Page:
Post-playing career

Rather than trying to catch on with another big league club after being released by the Mariners, Beattie opted to go back to school. He received his M.B.A. from the University of Washington in 1989 (he also has a bachelor's degree from Dartmouth), then returned to the Mariners as their player development director in 1990. Beattie remained in that position through the 1995 season, when he was named general manager and vice president of the Montreal Expos.[31] He quit at the end of the 2001 season; after a year away from the game, he joined the Baltimore Orioles as executive vice president of baseball operations.[32] He served as co-GM of the Orioles with former Orioles pitcher Mike Flanagan through the 2005 season, when Flanagan was given the job solely.[33] When Boston Red Sox GM Theo Epstein threatened to leave the Red Sox shortly afterwards, Beattie interviewed for the job.[34] He also interviewed for the vacant Houston Astros GM job in 2007.[35]

In something of an unexpected career turn, Beattie finished the 2007 season as the Florida Marlins' bullpen coach. After former bullpen coach Steve Foster became Florida's pitching coach following Rick Kranitz's departure, Beattie jokingly offered his services to Marlins GM Larry Beinfest, and Beinfest took him up on his offer.[36] Beattie was also rumored to be a candidate for the Marlins' pitching coach position in 2008, but the job instead went to Mark Wiley.[36][37]


  1. ^ "Jim Beattie". Columns: The University of Washington Alumni Magazine. June 1999.
  2. ^ "Toronto Blue Jays Front Office Directory". Toronto Blue Jays. MLB.com. Archived from the original on February 3, 2007. Retrieved August 26, 2012.
  3. ^ "Jim Beattie comes home to Maine to large welcome". Bangor Daily News. Associated Press. December 8, 1978. p. 26. Retrieved July 20, 2014 – via Google News.
  4. ^ "Yanks Beattie Hurling Himself to Job". Ocala Star-Banner. Associated Press. March 27, 1978 – via Google News.
  5. ^ "Major League Baseball Players From the Cape Cod League" (PDF). Cape Cod Baseball League. Retrieved September 25, 2019.
  6. ^ "Local Players Stand Out on All-Star Squad". The Cape Codder. Orleans, MA. July 25, 1974. p. 31.
  7. ^ "4th Round of the 1975 MLB June Amateur Draft". Baseball-Reference.com. Retrieved March 19, 2023.
  8. ^ "Yankee Buying Sprees Destroying Morale Among Minor Leaguers". The Miami News. December 20, 1977 – via Google News. [dead link]
  9. ^ "New York Yankees 4, Baltimore Orioles 3". Baseball-Reference.com. Sports Reference. April 25, 1978.
  10. ^ "Jim Beattie 1978 Pitching Game Logs". Baseball-Reference.com. Retrieved March 19, 2023.
  11. ^ "New York Yankees 13, Boston Red Sox 2". Baseball-Reference.com. Sports Reference. September 8, 1978.
  12. ^ "New York Yankees 7, Detroit Tigers 3". Baseball-Reference.com. Sports Reference. September 13, 1978.
  13. ^ a b c d "Jim Beattie Stats, Height, Weight, Position, Rookie Status & More". Baseball-Reference.com. Retrieved March 19, 2023.
  14. ^ "1978 American League Championship Series, Game One". Baseball-Reference.com. Sports Reference. October 3, 1978.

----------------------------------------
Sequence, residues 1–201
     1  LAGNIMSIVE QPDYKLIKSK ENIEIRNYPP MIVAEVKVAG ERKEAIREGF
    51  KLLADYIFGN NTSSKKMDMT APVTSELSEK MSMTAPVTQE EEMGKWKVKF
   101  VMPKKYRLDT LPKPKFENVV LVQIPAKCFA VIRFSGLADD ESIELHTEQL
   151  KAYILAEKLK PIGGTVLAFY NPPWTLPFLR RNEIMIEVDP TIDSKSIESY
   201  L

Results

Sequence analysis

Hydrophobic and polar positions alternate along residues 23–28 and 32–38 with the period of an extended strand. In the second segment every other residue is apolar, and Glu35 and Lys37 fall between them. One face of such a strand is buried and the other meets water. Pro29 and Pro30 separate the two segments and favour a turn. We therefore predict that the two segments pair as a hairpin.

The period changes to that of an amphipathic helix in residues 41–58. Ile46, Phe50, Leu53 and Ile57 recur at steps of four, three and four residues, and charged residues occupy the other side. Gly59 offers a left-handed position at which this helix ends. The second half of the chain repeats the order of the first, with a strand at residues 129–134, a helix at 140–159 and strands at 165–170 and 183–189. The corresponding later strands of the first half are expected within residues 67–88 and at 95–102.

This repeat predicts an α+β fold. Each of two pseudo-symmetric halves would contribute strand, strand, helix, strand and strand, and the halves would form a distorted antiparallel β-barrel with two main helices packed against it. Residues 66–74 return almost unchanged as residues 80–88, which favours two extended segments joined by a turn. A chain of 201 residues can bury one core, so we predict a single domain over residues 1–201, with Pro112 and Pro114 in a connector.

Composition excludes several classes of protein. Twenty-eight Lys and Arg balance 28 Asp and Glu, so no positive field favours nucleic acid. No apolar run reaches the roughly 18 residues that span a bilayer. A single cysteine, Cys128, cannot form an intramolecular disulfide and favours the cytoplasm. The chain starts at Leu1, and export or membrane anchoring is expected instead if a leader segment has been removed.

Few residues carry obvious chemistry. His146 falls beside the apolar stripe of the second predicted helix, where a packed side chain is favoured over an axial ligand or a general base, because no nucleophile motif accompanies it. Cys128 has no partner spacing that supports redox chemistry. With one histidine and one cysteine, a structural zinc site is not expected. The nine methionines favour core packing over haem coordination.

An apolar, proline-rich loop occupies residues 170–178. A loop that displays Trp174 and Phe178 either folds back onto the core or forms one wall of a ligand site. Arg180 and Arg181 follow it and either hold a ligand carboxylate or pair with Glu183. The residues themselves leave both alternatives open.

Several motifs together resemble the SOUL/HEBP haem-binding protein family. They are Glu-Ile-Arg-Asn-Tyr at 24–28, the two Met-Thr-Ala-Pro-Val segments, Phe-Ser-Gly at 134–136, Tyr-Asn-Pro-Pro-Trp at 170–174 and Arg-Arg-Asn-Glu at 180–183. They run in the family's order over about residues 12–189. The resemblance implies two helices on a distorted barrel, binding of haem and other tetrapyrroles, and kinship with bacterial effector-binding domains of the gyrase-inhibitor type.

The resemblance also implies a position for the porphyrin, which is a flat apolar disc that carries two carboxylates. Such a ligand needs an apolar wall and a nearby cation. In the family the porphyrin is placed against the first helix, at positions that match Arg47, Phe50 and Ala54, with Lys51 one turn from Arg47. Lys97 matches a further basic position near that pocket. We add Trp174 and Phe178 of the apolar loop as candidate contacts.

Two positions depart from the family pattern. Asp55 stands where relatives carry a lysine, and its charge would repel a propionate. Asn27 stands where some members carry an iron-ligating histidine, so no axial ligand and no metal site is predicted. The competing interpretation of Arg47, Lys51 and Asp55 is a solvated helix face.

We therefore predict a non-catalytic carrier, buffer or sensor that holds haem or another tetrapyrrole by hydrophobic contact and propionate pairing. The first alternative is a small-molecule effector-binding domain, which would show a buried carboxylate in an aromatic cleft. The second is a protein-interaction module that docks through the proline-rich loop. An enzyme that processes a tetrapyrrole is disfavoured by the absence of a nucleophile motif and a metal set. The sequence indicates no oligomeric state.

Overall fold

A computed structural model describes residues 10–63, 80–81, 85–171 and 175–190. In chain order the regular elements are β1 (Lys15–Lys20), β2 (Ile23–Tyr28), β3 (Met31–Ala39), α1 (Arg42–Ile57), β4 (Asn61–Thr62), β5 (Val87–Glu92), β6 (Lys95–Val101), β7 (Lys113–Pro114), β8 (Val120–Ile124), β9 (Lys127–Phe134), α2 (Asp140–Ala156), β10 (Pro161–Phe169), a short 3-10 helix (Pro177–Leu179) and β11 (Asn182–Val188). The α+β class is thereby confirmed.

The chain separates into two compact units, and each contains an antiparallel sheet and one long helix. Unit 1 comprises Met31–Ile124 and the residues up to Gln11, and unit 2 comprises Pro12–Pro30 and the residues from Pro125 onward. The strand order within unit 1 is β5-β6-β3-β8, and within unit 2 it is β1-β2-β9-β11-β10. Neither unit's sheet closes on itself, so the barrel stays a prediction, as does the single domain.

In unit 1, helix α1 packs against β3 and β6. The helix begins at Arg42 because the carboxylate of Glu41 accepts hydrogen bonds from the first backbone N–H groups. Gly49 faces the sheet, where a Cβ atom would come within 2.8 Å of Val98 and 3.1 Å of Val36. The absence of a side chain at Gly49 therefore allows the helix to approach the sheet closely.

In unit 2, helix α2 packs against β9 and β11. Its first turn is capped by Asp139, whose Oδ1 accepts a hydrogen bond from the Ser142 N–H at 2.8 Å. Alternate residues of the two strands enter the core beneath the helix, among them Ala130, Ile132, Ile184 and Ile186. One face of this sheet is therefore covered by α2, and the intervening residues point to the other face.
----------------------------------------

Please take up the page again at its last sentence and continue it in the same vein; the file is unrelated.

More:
15. ^ "1978 World Series, Game Five". Baseball-Reference.com. Sports Reference. October 15, 1978.
  16. ^ "Jim Beattie Shipped Out by Yankees". The Spokesman-Review. April 3, 1979 – via Google News.
  17. ^ "Yanks Edge Jays for Billy's First". Wilmington Morning Star. Associated Press. June 21, 1979 – via Google News.
  18. ^ "Yastrzemski Collects 3,000th Hit". The Morning Record and Journal. UPI. September 13, 1979 – via Google News.
  19. ^ Durso, Joseph (November 2, 1979). "Yanks Trade Chambliss, Beattie; 12 Players Exchanged In 2 Deals". The New York Times. ISSN 0362-4331. Retrieved March 19, 2023.
  20. ^ "Milwaukee Brewers vs Seattle Mariners Box Score: May 21, 1980". Baseball-Reference.com. May 21, 1980. Retrieved March 19, 2023.
  21. ^ "Seattle Mariners 4, California Angels 1". Baseball-Reference.com. Sports Reference. August 11, 1981.
  22. ^ "Jim Beattie 1981 Pitching Splits". Baseball-Reference.com. Retrieved March 19, 2023.
  23. ^ "Seattle Mariners at Boston Red Sox Box Score, September 3, 1981". Baseball-Reference.com. September 3, 1981.
  24. ^ "1982 American League Pitching Leaders". Baseball-Reference.com. Retrieved March 19, 2023.
  25. ^ "Jim Beattie One-Hitter Beats KC". Portsmouth Daily Times. Associated Press. September 28, 1983 – via Google News.
  26. ^ "Crushed Beattie Smashes Cooler". Spokane Chronicle. Associated Press. July 26, 1984 – via Google News.
  27. ^ "Mariners' Beattie Back on Track". Albany Sunday Herald. Associated Press. July 1, 1984 – via Google News.
  28. ^ "Tommy John Returns with Win". Madison Courier. Associated Press. July 27, 1985 – via Google News.
  29. ^ "Pact Approved". Spartanburg Herald-Journal. August 29, 1985 – via Google News.
  30. ^ "Chicago White Sox 8, Seattle Mariners 4". Baseball-Reference.com. Sports Reference. August 11, 1981.
  31. ^ Finnigan, Bob (October 27, 1995). "Expos Name Mariners' Jim Beattie As New GM". The Seattle Times.
  32. ^ Ginsburg, Dave (December 5, 2002). "Orioles appoint two for front-office duty". USA Today. Associated Press.
  33. ^ "O's promote Flanagan, reportedly to keep Perlozzo". ESPN. October 11, 2005.
  34. ^ "Bowden, Beattie to interview for Red Sox GM post". ESPN. November 9, 2005.
  35. ^ "Astros' GM search: 3 interviews down, 4 to go". ESPN. Associated Press. September 5, 2007. Retrieved March 19, 2023.
  36. ^ a b Frisaro, Joe (September 26, 2007). "Notes: Beattie in pitching coach mix". Florida Marlins. MLB.com. Archived from the original on December 21, 2007.
  37. ^ "Wiley hired for 2nd stint as Marlins' pitching coach". ESPN. Associated Press. November 2, 2007. Retrieved March 19, 2023.
Preceded byKevin Malone Montreal Expos General Manager 1995–2001 Succeeded byLarry Beinfest Preceded bySyd Thrift Baltimore Orioles General Manager (with Mike Flanagan) 2003–2005 Succeeded byMike Flanagan